With only six-weeks remaining in the 2012 Presidential Campaign, President Obama holds a significant lead over Republican challenger Mitt Romney on the important question of Medicare, and the solvency of the program for future generations.
In a USA Today/Gallup Swing States Poll conducted between September 11-17 in Florida, Ohio, Wisconsin, Virginia, North Carolina, Colorado, Nevada, New Hampshire, Pennsylvania, Michigan, Iowa and New Mexico, the Gallup Daily Tracking Survey posed several questions about Medicare to a random sampling of 1,216 adults over age 18. It should be noted that the poll was conducted before Mitt Romney’s now infamous ‘secret video’ remarks, essentially writing off 47% of Americans, a video that has now gone viral over the past week and done nothing to counter the image of Romney as ‘out-of-touch’ with average Americans.
Also of note, is that the poll sample included at least five swing states (Pennsylvania, Ohio, Michigan, Iowa and New Mexico) in which President Obama has opened up sizable leads in more recent polling. Nevertheless, in Florida with its large senior population, The Romney/Ryan ticket’s inability to connect on the Medicare issue may prove fatal to their election chances; with early voting already underway in half of America, it may be too late for the Republican candidates to make their case.
The poll, released today, reflects that on the question, “Which presidential candidate do you trust more to address the issues facing the Medicare system,” Obama leads Romney 50% – 44%, while nationally the lead is 51% – 43%. As revealed in the Gallup report:
Finding ways to strengthen the Medicare program is an important issue for a significant portion of Americans. A July USA Today/Gallup poll found that 85% of Americans believe ensuring the long-term stability of Social Security and Medicare should be an extremely or very important priority for the next president. The candidate who can best convince voters that he will be able to secure Medicare’s future may have a distinct advantage in what remains a close election.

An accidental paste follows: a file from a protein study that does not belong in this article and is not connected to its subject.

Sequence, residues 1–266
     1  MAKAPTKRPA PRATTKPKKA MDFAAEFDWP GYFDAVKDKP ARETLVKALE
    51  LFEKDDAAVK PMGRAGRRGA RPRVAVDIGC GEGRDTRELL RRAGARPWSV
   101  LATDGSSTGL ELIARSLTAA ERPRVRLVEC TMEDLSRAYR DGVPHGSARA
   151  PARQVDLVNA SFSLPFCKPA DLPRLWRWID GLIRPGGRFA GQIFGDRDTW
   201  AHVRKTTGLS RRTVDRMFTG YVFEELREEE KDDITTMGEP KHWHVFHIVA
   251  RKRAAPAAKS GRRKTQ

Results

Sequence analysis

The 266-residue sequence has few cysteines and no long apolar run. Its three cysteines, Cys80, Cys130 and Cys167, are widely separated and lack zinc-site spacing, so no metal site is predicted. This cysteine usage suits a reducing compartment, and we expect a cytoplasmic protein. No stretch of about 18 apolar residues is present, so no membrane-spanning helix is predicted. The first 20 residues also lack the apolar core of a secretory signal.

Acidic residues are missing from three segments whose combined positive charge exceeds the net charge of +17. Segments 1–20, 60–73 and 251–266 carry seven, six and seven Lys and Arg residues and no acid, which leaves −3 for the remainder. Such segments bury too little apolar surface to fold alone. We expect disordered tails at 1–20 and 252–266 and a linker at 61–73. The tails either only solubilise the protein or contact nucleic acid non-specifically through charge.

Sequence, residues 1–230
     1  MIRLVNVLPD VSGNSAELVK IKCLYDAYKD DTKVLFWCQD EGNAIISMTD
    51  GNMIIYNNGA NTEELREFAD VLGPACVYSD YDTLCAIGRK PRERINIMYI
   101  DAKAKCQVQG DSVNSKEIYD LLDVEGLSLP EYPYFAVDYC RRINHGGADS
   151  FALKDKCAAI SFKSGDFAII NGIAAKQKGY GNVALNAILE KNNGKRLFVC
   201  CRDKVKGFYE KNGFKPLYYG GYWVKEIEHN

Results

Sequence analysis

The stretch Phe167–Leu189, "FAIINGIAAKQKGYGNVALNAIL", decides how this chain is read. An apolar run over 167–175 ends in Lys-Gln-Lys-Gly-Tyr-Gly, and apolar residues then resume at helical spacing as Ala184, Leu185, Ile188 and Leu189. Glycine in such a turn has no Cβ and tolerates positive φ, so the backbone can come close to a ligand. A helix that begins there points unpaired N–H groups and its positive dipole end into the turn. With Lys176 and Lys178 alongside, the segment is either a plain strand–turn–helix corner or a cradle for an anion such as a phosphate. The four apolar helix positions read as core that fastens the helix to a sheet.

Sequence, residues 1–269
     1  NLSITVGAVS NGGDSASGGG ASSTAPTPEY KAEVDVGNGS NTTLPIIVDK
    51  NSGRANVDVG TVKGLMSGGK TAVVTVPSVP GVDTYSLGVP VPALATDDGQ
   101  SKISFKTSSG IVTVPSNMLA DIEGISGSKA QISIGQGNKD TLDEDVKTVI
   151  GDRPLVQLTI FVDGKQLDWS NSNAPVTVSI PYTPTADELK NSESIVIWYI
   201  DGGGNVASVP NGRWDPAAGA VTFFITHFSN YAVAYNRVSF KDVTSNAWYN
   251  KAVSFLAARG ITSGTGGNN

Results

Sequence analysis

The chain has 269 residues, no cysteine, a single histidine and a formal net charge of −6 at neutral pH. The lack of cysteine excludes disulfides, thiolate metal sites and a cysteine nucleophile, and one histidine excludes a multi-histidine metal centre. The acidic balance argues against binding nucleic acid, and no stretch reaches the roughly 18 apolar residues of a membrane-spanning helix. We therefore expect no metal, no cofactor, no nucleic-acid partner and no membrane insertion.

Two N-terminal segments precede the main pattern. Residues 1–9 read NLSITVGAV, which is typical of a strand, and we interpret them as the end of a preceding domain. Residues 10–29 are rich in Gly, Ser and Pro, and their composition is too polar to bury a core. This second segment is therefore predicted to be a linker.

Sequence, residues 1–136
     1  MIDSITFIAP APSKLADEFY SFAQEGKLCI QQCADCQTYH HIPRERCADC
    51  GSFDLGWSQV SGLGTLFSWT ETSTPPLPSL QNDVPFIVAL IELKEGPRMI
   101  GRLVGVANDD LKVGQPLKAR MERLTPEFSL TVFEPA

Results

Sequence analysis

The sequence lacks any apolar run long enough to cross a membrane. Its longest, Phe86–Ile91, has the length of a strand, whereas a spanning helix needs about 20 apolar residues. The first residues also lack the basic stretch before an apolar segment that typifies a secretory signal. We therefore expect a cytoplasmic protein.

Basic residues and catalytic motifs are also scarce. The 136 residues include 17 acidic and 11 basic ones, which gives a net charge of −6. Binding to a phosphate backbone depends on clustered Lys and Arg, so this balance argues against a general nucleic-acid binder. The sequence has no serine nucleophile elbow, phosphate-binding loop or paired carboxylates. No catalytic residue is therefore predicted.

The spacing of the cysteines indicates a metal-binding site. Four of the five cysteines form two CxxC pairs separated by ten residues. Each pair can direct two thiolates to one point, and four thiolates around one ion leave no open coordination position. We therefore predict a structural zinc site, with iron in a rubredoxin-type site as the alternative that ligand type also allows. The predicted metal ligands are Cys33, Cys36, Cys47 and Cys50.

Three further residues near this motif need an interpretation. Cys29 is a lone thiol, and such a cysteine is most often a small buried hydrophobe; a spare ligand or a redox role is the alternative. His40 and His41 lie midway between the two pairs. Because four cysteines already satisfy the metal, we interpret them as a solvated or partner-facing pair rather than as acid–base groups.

By selecting Ryan as his running mate, Romney may have hoped to capitalize on Americans’ concerns about Medicare by signaling that he supports a specific approach to addressing the program’s long-term stability. However, it appears that Romney’s campaign has more work to do to communicate Ryan’s Medicare credentials to voters. Swing-state voters are more likely to believe Obama and Biden have a plan to fix Medicare than to credit Romney and Ryan with this, and they are no more likely to say Romney will strengthen Medicare.
As you may recall, then newly-minted Republican Vice Presidential candidate, Paul Ryan, author of the infamous Ryan Budget, which would ‘voucherize Medicare,’ remarked in several early campaign stump speeches that, “We welcome this debate and, we’re going to win this debate.” Alas, they haven’t. In fact, their message has been muddled and confused and has simply failed to resonate with elderly voters, as noted in the openly hostile reception Ryan got at the recent AARP Convention in New Orleans. And, last night, in his “60 Minutes” interview on CBS, Mitt Romney didn’t do their cause any favors, failing to offer a defense on how they will preserve Medicare. In fact, on the broader issue of healthcare for all Americans,he revisited a tired, old Republican theme, fumbling on the message; telling interviewer, Scott Pelley:
Pelley: Does the government have a responsibility to provide health care to the 50 million Americans who don’t have it today?
Romney: Well, we do provide care for people who don’t have insurance, people — we — if someone has a heart attack, they don’t sit in their apartment and die. We pick them up in an ambulance, and take them to the hospital, and give them care. And different states have different ways of providing for that care.
Pelley: That’s the most expensive way to do it.
Romney: Well the–
Pelley: In an emergency room.
So, with six-weeks to go and voters already going to the polls in half the nation, the Romney/Ryan Campaign has failed to connect on Medicare or healthcare. They are losing the argument and—by nearly all recent polling—they are losing the game.
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